43 The next day Jesus decided to go to Galilee. He found Philip and said to him, “Follow me.” 44 Now Philip was from Bethsaida, the city of Andrew and Peter. 45 Philip found Nathanael and said to him, “We have found him of whom Moses in the Law and also the prophets wrote, Jesus of Nazareth, the son of Joseph.” 46 Nathanael said to him, “Can anything good come out of Nazareth?” Philip said to him, “Come and see.” 47 Jesus saw Nathanael coming toward him and said of him, “Behold, an Israelite indeed, in whom there is no deceit!” 48 Nathanael said to him, “How do you know me?” Jesus answered him, “Before Philip called you, when you were under the fig tree, I saw you.” 49 Nathanael answered him, “Rabbi, you are the Son of God! You are the King of Israel!” 50 Jesus answered him, “Because I said to you, ‘I saw you under the fig tree,’ do you believe? You will see greater things than these.” 51 And he said to him, “Truly, truly, I say to you, you will see heaven opened, and the angels of God ascending and descending on the Son of Man.”
The math is simple. There are somewhat over two billion Christians in the world today, about a third of the population of the world. The actuaries tell us that over 36 million of those Christians will die this year. Christianity in real numbers of people around the world is not shrinking but growing. That means new Christians must be replacing those who are lost. If you divide 36 million by the days of the year, you get about 100,000 per day.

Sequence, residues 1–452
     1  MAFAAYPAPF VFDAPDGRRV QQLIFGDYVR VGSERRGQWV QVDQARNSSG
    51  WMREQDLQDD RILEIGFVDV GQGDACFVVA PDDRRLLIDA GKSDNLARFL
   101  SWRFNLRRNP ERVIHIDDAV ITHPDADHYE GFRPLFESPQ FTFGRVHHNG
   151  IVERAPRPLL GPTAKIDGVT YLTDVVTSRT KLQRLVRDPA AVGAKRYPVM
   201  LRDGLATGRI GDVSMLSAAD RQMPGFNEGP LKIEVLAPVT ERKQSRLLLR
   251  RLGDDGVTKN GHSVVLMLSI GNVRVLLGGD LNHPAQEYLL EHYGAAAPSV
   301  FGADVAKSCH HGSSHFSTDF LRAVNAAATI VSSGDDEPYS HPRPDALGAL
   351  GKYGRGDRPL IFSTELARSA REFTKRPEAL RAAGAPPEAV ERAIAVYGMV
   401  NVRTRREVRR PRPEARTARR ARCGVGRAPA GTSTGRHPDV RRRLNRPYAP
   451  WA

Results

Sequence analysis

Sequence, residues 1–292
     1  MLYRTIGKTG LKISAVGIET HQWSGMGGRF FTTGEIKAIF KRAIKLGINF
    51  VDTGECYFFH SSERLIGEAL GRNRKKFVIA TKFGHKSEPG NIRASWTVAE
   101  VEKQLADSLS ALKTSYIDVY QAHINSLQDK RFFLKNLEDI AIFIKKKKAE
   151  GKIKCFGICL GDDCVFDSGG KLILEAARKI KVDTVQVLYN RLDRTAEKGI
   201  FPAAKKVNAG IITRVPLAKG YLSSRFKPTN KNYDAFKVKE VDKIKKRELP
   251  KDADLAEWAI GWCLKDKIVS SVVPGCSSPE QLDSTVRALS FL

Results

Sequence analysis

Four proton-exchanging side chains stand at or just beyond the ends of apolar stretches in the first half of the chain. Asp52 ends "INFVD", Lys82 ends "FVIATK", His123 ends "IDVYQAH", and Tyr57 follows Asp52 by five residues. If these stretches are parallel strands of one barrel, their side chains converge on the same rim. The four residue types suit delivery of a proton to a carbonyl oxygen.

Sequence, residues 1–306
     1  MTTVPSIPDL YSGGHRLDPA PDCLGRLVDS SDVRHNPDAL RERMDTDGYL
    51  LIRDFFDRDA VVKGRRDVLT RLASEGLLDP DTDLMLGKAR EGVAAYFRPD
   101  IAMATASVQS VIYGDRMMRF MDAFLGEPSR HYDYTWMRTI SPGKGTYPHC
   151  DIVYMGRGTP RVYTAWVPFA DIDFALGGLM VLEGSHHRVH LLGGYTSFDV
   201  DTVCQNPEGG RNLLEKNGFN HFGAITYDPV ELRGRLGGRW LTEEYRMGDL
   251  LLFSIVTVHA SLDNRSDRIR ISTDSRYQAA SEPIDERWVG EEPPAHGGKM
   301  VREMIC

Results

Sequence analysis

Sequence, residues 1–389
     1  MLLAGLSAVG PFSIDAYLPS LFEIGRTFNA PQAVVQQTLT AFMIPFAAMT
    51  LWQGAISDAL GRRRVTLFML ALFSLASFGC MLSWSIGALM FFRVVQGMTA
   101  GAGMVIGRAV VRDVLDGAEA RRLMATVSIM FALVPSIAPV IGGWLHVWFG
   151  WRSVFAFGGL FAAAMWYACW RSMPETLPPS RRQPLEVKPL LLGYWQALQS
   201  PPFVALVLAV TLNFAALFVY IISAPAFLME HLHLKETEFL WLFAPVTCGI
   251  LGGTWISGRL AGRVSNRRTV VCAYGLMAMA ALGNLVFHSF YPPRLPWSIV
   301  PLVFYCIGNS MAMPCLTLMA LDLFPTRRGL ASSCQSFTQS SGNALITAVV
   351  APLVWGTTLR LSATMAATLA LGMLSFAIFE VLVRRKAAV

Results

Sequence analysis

Today, some 100,000 people confessed Christ for the first-time in their lives. Tomorrow another 100,000. Each month 3 million. That is simply to maintain the number of Christians in the world. The fact is that the real number of Christians is growing. There must be more than 100,000 every day.
In this delightful reading from John, we see Jesus calling people to follow Him. Having risen from the grave, this same Jesus is doing that today. I live in a part of the world which makes that hard to see. It feels like Christianity is in retreat in my neighborhood. Most of the parishes in Portland are struggling to maintain numbers. That is not just an LCMS phenomenon.
I think sometimes we think that this is our church. We imagine that we are at fault for the problems of the day and we claim credit when things look good. The fact is Jesus is not calling us to success; He is calling us to faithful service. It is His church. He is the one to whom success must be credited. I cannot tell you what Jesus and His Spirit are up to in this day and time, but I can tell you that Jesus has called me to preach good news this Sunday in Church. What He does with that is up to Him.
Jesus is still blessing today. Rejoice in that. In places all around the globe today people are being baptized and men and women are boldly confessing Christ. He is still gathering people to himself. When He causes His Spirit to blow, that same will happen here. We can all look forward to that.